There were some inflammatory remarks made on social media after a very innocuous interview on Luck On Sunday between Nick Luck and trainer Kayleigh Woollacott (pictured). Her ‘crime’ was to wear her sponsor ‘Betway’s branded clothing. Some commentators suggested that the trainer’s association via sponsorship by a bookmaker brings the ‘integrity’ into question. The additional concern from some quarters, the ‘public perception’ of the sport when bookmakers are funding trainers and jockeys.
I’d like to bring a counter argument that racing has never been straighter, and the general public perception of racing will reflect that.
I’d like to add the caveat that there do seem to be far too many cases, generally in low-class all-weather races, where horses that appear to have everything going for them then drift late on and experience all sorts of bad luck before losing. Most noticeably missing the break. I have no figures, so it may just be selective memory on my part. Adding a caveat to a caveat these races usually feature low-class horses, most form students will tell you the lower the grade the less likely for consistency. That said, the public perception of all-weather racing is very poor and high-profile published investigations of highlighted ‘drifters which run badly’ would be a start.
Given the previous paragraph, how can I describe racing as straighter than ever before? For starters, everyone is a steward. There are thousands of people watching every race in high-definition. There are hundreds of people betting in running, a fair proportion doing it for a living. Many of these would be better race-readers that any steward, though possibly not quite as impartial. Add to that the presenters on the specialised racing channels bombarded by emails and social media the minute there’s the suspicion of a ‘non-jigger’. James Moore, the ‘Principal Betting Investigator at the BHA’ is on twitter @Jamesracing1 and invites punters to draw to his attention any races they may have concerns about, BHA stewards and Press office are both active on twitter too. How many that are suspected of wrong-doing are currently brought to book is a different matter.
One thing that really convinces me that racing has never been straighter are the number of punters that now make it pay. I personally know several professional punters who win using their own judgement and interpretation of the form book, including the all-weather. It wouldn’t be possible to win in the long-term if the level of ‘crookedness’ people would have you believe infests the sport was accurate.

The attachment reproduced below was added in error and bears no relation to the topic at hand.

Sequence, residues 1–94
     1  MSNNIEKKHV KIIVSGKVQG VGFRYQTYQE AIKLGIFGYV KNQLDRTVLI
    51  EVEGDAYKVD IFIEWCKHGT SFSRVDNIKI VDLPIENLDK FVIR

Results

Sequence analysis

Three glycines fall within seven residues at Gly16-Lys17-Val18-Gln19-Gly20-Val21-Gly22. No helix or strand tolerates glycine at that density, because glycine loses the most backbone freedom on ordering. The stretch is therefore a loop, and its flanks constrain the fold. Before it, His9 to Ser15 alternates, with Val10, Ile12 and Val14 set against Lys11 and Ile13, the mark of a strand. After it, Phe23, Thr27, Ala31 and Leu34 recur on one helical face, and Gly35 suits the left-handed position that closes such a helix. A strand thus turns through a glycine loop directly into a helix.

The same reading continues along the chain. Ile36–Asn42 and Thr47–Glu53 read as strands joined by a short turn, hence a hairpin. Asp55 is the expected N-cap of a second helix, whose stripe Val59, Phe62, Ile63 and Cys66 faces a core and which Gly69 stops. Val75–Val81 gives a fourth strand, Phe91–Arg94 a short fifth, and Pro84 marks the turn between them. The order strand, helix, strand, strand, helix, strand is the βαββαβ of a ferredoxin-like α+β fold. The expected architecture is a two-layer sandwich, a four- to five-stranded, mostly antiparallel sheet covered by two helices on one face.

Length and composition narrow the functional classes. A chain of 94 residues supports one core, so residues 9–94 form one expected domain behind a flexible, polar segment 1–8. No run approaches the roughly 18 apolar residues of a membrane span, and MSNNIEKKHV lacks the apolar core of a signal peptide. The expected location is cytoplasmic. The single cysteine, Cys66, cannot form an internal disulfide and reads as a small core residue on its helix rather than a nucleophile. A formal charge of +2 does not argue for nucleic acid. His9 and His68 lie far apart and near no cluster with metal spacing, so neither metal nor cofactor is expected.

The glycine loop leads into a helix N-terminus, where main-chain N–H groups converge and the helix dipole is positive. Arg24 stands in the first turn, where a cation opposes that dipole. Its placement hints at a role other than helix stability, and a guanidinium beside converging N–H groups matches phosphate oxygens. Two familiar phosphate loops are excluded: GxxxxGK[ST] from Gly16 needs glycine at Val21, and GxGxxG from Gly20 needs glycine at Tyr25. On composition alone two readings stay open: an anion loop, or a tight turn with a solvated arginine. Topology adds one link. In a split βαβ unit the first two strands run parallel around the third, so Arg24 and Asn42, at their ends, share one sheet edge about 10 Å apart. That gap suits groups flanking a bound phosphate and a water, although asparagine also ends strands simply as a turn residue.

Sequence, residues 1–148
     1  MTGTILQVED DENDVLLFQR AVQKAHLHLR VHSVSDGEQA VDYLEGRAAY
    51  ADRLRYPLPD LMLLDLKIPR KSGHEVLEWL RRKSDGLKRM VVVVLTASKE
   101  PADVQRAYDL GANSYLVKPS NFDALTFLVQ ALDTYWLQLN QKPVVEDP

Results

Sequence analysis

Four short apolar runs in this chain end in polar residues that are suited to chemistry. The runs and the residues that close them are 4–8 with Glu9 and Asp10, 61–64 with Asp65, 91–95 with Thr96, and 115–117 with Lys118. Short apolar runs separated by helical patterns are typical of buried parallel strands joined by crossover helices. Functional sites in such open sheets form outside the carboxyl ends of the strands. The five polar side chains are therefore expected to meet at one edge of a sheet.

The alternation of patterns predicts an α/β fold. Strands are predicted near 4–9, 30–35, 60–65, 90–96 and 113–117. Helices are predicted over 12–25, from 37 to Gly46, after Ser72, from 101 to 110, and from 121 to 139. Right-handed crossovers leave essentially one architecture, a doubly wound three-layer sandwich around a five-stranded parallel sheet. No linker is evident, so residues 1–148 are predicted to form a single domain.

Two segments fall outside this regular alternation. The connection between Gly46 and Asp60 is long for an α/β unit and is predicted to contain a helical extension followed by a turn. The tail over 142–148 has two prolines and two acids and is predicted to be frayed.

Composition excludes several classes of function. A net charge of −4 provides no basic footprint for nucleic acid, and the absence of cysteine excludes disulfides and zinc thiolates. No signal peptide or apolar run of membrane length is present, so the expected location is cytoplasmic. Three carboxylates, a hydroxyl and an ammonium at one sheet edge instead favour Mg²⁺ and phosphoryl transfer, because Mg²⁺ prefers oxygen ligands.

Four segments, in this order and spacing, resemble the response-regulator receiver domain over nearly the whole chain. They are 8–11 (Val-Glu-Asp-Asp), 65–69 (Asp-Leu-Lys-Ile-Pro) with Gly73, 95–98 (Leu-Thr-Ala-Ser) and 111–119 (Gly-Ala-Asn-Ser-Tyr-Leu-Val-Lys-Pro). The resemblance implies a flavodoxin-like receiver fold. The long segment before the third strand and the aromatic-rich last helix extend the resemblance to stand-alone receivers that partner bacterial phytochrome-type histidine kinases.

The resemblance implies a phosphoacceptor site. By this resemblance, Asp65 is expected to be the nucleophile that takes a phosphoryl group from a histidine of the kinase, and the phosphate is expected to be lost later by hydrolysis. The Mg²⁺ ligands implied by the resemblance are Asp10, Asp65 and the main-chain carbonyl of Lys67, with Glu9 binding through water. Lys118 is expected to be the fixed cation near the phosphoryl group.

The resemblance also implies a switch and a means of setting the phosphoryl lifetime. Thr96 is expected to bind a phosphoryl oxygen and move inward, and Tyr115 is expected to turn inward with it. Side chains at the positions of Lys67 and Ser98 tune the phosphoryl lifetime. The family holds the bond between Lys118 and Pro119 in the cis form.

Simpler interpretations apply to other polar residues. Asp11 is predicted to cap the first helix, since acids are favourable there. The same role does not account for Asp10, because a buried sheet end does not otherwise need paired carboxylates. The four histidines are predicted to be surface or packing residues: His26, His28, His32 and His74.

There’s no doubt that the age-old methods of getting one ready, running when unfit and over a distance that wouldn’t suit, still go on. Part of the fun for form students is spotting those but jockeys strangling a jolly out of a race or sitting out the back with a double handful are a rarity these days for the reasons given above, the risks are too great.
When a public-listed bookmaking company sponsor a high-profile trainer or jockey, everything is transparent. Neither party would be foolish enough to embark in anything underhand. Rather than putting the integrity of the sport in doubt, I’d champion the opposite opinion. The only people that could think that way are the ones that are convinced that the game is still corrupt. Racing’s ruling body, who I respectfully suggest are better informed, does not consider that bookmaker sponsorship of trainers and jockeys to be detrimental to the sport’s image. To me that speaks volumes for the integrity horse racing now enjoys.
Bookmaker’s sponsorship of jockeys and trainers in the present climate is the opposite of the skulduggery that went on in the bad old days. You only need a rudimentary racing library to be aware of the claims of jockeys betting and being met by sinister bookmakers in racecourse car parks proffering brown envelopes to not win. It’s only the continued peddling of that old image that keeps it alive to the detriment of racing. It has never been in ruder health as far as integrity issues are concerned. It’s the public perception that needs changing. Transparent sponsorship deals between the industry that already funds most of racing and its professional participants surely can only aid not hinder that?
Simon Nott is author of:
Skint Mob! Tales from the Betting Ring